They point out that President Obama has recently called for universal preschool beginning at age four; that his Affordable Care Act will result in unprecedented government tracking and monitoring of all citizens, including by the IRS; and that the President has repeatedly pushed for legislation that violates the First and Second Amendments as well as the Defense of Marriage Act and other federal laws to bolster their claims that the Common Core is part of a pattern of coercive, intrusive, and controlling government actions.
Paranoia or Caution?
Many of the most troubling claims by CCSS opponents are impossible to refute or confirm because they are based on things that haven’t happened yet. Supporters of the Common Core say it is based on solid evidence and research, and that a national educational standard will benefit the country and improve education for all. Whether or not you believe this depends mainly on your view of the state of education now and the trustworthiness of the teaching profession, the Obama administration, and the organizations that are planning and paying for the standards.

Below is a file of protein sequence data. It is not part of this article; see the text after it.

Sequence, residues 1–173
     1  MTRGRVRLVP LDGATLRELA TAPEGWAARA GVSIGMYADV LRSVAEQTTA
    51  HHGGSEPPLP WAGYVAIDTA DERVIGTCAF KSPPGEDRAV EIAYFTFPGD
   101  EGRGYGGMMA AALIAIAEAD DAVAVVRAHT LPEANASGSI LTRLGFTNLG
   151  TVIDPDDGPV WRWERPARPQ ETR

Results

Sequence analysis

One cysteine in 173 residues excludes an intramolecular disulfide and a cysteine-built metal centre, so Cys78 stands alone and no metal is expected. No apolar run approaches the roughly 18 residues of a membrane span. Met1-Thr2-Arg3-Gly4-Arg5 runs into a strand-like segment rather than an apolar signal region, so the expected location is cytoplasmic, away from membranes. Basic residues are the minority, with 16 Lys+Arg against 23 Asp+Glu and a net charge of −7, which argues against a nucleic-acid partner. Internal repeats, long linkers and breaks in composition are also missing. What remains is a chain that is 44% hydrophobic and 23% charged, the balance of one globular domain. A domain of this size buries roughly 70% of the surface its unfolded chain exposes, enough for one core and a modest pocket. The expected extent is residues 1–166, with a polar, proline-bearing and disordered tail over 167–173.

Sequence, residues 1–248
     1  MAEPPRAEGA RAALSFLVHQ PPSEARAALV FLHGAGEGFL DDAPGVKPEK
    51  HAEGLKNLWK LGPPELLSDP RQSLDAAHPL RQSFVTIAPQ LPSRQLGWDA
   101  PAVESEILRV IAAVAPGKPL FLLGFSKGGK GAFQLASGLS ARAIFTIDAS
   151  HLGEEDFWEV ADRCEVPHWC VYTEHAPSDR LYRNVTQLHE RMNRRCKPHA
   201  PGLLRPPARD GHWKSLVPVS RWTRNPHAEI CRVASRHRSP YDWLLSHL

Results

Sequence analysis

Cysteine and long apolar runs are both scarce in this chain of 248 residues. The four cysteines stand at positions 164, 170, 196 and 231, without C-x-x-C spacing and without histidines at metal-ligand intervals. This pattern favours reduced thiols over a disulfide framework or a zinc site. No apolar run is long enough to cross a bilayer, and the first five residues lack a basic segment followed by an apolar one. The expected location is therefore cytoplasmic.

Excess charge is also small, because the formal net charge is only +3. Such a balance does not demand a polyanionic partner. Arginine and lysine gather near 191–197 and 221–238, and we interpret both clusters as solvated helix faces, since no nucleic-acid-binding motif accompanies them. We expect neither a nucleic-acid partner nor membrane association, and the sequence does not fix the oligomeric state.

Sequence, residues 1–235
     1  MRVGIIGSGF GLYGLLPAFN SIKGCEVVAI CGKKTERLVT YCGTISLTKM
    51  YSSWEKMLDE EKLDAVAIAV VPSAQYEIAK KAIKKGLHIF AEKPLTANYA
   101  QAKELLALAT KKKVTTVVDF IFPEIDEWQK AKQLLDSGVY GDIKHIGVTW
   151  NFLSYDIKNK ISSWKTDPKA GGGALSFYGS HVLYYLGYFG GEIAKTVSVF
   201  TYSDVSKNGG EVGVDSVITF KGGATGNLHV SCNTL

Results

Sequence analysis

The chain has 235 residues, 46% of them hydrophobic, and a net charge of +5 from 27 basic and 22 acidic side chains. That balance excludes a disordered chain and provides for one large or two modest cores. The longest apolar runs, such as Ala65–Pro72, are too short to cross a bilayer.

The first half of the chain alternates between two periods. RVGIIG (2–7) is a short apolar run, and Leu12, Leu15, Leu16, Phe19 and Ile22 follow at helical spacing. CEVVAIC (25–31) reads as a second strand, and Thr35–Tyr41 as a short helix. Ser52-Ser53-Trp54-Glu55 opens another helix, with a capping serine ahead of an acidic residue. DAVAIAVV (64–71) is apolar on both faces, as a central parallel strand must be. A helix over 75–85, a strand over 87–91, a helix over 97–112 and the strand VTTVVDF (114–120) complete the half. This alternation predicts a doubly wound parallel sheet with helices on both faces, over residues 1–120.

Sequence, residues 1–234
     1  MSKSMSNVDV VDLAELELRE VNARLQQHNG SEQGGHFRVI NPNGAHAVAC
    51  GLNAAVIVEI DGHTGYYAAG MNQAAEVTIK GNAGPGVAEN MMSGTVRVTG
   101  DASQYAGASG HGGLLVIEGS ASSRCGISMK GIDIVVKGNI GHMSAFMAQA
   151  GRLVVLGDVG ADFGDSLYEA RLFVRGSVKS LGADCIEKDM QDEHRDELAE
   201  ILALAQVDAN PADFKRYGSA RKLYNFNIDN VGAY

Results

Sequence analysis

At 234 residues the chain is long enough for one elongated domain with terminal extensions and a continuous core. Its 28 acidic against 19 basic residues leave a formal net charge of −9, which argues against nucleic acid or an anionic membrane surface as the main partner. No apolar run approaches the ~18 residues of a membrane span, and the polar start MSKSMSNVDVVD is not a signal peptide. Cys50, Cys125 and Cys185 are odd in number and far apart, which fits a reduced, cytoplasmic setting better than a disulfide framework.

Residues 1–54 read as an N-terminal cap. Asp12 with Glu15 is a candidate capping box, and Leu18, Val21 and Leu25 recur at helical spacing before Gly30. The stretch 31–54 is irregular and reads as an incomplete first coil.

While Glenn Beck’s opposition to the CCSS will undoubtedly bring renewed vigor and national attention to the opposition, many other people will discount it because they consider him a fringe media personality. What do other, less polarizing people say?
Diane Ravitch, a historian of education and Research Professor of Education at New York University who writes a blog about education in the United States and an advocate for voluntary national education standards, wrote about her opposition to the Common Core in February for many of the reasons listed above.
The Common Core standards have been adopted… without any field test. They are being imposed on the children of this nation despite the fact that no one has any idea how they will affect students, teachers, or schools. We are a nation of guinea pigs, almost all trying an unknown new program at the same time.